Chanterelle mushrooms in Thailand

Thai chanterelles, or more specifically Cantharellus minor live in symbiosis with Gurjun trees (Diopterocarpus tuberculatus) in semi-deciduous Southeast-Asian forests. These trees are easy to identify due to their double-winged (dio-ptero) fruits with big seeds. Besides Cantharellus minor, other species of chanterelle mushrooms are native to Southeast-Asian forests. All of them are fragrant and tasty and differ mainly in size and shape.

Where to find and get chanterelles in Thailand

Areas under Diopterocarpus trees are getting often burned for agricultural purposes in northern Thailand and the mushroom mycelium normally survives the fires, as the heat is not intense enough to kill it off. As long as the mycelium is not getting plowed up, it will stay alive despite slash-and-burn techniques.

The Thai people call chanterelles ‘Hed Kamin’, which means ‘turmeric mushroom’, due to their yellow color reminding of turmeric roots. This unique color in a mushroom makes it easy to keep chanterelle mushrooms apart from inedible or poisonous ones. They are often sold on wet markets in Thailand by forest product dealers, but also tribal people collect them in the forests, drive on motorcycles to regional towns, and sell chanterelles and other edible mushrooms directly somewhere at shaded walkways.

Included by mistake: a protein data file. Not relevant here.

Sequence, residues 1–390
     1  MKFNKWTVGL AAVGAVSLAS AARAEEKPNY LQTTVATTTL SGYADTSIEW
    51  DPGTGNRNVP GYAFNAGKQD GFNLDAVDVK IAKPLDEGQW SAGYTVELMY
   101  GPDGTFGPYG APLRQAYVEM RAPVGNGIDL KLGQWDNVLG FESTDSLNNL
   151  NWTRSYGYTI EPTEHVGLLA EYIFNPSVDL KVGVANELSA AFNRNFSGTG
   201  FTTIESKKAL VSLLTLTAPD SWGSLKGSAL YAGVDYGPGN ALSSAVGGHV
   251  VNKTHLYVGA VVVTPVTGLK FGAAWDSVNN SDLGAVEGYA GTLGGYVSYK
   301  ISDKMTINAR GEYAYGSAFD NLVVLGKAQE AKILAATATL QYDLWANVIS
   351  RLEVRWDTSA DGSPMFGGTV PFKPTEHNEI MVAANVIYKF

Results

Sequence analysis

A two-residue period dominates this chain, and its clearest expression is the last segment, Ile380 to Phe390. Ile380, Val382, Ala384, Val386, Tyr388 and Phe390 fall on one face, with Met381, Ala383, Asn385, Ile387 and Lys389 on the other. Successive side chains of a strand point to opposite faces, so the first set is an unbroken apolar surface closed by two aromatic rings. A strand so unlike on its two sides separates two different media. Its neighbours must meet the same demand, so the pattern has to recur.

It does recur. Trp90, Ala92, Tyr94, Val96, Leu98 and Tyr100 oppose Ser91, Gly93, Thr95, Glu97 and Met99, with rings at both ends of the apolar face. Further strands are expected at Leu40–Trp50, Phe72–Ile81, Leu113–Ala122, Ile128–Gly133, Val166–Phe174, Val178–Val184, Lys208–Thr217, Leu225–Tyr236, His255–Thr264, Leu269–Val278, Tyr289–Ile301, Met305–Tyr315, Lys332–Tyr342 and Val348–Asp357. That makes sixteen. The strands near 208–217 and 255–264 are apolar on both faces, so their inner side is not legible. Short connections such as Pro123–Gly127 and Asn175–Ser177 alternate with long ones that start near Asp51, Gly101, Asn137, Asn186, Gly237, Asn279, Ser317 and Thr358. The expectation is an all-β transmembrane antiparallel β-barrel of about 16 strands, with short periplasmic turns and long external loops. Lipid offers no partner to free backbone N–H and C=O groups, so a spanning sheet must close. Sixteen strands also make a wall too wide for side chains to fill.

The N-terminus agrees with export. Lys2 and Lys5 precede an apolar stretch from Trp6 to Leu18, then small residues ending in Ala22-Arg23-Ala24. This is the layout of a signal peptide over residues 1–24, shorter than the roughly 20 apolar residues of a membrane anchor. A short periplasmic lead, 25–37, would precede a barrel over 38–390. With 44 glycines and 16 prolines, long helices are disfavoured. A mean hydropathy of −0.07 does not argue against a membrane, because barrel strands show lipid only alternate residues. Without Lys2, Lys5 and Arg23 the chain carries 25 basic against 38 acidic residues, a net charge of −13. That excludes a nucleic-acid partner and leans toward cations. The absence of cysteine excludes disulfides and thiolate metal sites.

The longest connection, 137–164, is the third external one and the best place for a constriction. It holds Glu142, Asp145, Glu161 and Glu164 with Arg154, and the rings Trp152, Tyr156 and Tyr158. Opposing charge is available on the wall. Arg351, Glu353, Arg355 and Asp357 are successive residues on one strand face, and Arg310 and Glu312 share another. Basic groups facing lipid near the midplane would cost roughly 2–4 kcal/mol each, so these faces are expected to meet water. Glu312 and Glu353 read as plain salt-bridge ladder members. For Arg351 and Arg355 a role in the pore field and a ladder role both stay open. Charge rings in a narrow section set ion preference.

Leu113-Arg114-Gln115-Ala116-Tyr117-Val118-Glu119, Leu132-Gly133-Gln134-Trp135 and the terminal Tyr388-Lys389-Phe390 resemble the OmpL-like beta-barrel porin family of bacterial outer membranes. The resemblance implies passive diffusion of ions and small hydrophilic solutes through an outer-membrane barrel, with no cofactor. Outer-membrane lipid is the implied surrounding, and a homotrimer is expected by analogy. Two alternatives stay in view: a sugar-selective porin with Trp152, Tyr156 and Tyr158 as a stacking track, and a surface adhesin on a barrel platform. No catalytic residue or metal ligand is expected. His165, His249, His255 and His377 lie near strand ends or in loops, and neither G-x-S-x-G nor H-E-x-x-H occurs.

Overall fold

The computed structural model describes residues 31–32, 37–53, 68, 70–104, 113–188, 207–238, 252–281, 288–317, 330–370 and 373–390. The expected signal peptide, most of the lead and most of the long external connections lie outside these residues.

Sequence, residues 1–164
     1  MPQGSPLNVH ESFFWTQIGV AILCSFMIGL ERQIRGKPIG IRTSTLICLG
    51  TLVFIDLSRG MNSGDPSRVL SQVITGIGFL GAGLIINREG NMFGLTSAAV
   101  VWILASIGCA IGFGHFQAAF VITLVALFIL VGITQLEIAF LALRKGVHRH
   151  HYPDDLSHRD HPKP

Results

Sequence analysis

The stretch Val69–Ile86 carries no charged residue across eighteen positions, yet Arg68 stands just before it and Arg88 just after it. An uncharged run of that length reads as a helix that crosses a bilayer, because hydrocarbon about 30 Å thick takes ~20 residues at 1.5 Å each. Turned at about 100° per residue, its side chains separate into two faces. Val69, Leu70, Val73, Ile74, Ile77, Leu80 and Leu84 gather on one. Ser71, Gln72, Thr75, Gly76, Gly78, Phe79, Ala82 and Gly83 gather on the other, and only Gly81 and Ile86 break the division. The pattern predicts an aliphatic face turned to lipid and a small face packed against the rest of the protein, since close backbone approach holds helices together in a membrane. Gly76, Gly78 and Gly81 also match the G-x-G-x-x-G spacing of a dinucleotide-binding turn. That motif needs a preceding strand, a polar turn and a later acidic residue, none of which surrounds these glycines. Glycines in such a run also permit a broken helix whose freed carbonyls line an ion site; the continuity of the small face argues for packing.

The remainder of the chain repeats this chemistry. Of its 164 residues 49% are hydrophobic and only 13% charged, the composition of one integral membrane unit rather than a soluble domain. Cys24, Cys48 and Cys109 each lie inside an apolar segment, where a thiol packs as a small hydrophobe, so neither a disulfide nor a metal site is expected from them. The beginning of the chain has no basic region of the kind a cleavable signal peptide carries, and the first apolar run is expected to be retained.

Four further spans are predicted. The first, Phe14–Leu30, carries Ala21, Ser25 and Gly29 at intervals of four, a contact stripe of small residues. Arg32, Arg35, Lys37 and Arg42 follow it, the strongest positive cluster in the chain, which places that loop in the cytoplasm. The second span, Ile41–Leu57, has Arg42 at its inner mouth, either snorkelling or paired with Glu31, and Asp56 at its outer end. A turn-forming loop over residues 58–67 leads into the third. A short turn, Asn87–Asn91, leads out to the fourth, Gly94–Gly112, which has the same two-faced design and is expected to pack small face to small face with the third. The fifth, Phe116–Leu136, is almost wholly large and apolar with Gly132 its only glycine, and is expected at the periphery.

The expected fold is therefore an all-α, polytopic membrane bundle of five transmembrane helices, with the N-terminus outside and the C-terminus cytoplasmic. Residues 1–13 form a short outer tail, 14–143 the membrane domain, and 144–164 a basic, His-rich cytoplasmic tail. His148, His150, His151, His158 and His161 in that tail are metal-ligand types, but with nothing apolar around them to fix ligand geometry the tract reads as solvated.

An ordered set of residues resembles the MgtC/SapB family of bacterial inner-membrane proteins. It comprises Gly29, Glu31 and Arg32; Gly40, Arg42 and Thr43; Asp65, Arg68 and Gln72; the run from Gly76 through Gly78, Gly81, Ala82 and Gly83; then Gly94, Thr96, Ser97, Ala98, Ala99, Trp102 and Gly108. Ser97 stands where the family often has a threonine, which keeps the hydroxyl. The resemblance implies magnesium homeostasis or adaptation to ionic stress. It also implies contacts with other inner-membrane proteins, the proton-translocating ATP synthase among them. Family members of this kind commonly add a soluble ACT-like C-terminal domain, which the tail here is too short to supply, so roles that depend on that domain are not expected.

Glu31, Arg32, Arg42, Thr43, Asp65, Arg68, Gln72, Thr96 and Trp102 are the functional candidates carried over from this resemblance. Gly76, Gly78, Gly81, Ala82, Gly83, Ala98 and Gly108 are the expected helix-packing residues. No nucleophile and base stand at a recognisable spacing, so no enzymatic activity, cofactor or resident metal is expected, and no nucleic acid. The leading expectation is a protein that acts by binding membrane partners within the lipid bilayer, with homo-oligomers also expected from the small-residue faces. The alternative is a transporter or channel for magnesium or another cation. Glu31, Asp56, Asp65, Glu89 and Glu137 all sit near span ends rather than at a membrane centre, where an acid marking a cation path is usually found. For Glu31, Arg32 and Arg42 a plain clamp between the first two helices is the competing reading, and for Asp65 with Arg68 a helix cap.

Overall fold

Commercial value of chanterelles

In 2021 Thailand exported chanterelles for a value of about 450k USD and imported such for 30k USD. From these figures, it can be seen that chanterelles have no real commercial importance for the country but are mainly consumed on the local market and by connoisseurs.

Properties of chanterelles

Chanterelles are one of the richest sources known of vitamin D, but also high in copper, potassium, and vitamin C. Calorific value is only about 32 kcal/100g. Chanterelles are said to have potent insecticidal properties, which are harmless to humans but protect the mushrooms against insects and other potentially harmful organisms.

They taste best (in my personal opinion) by just frying them with onion, garlic, and thyme until most of the water is gone, thickening it up into a sauce, and eating them with plain rice.

Lessons learned by chanterelles in Thailand:

  • Chanterelles like to grow under big rainforest trees, like Diopterocarpus tuberculatus
  • Cantharellus minor is a smaller and slimmer version of C. cibarius and is more fragrant than the latter one
  • Chanterelles are mainly available in smaller towns upcountry, located at nearby forests.

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